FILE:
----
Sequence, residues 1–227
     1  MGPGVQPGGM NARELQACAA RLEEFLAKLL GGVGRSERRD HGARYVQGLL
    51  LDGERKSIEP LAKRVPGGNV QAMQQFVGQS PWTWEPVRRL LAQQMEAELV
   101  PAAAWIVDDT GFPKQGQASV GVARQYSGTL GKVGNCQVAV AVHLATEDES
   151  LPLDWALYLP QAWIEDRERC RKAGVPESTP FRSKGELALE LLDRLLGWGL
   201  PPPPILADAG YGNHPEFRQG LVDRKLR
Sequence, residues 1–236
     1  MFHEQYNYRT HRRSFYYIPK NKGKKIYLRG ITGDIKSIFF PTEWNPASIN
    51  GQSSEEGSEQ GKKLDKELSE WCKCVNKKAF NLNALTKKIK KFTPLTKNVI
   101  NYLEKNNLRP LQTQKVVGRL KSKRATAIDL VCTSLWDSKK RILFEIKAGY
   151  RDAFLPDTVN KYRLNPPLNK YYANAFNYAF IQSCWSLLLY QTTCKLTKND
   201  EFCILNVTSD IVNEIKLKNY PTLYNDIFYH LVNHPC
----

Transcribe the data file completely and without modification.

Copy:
Sequence, residues 1–227
     1  MGPGVQPGGM NARELQACAA RLEEFLAKLL GGVGRSERRD HGARYVQGLL
    51  LDGERKSIEP LAKRVPGGNV QAMQQFVGQS PWTWEPVRRL LAQQMEAELV
   101  PAAAWIVDDT GFPKQGQASV GVARQYSGTL GKVGNCQVAV AVHLATEDES
   151  LPLDWALYLP QAWIEDRERC RKAGVPESTP FRSKGELALE LLDRLLGWGL
   201  PPPPILADAG YGNHPEFRQG LVDRKLR
Sequence, residues 1–236
     1  MFHEQYNYRT HRRSFYYIPK NKGKKIYLRG ITGDIKSIFF PTEWNPASIN
    51  GQSSEEGSEQ GKKLDKELSE WCKCVNKKAF NLNALTKKIK KFTPLTKNVI
   101  NYLEKNNLRP LQTQKVVGRL KSKRATAIDL VCTSLWDSKK RILFEIKAGY
   151  RDAFLPDTVN KYRLNPPLNK YYANAFNYAF IQSCWSLLLY QTTCKLTKND
   201  EFCILNVTSD IVNEIKLKNY PTLYNDIFYH LVNHPC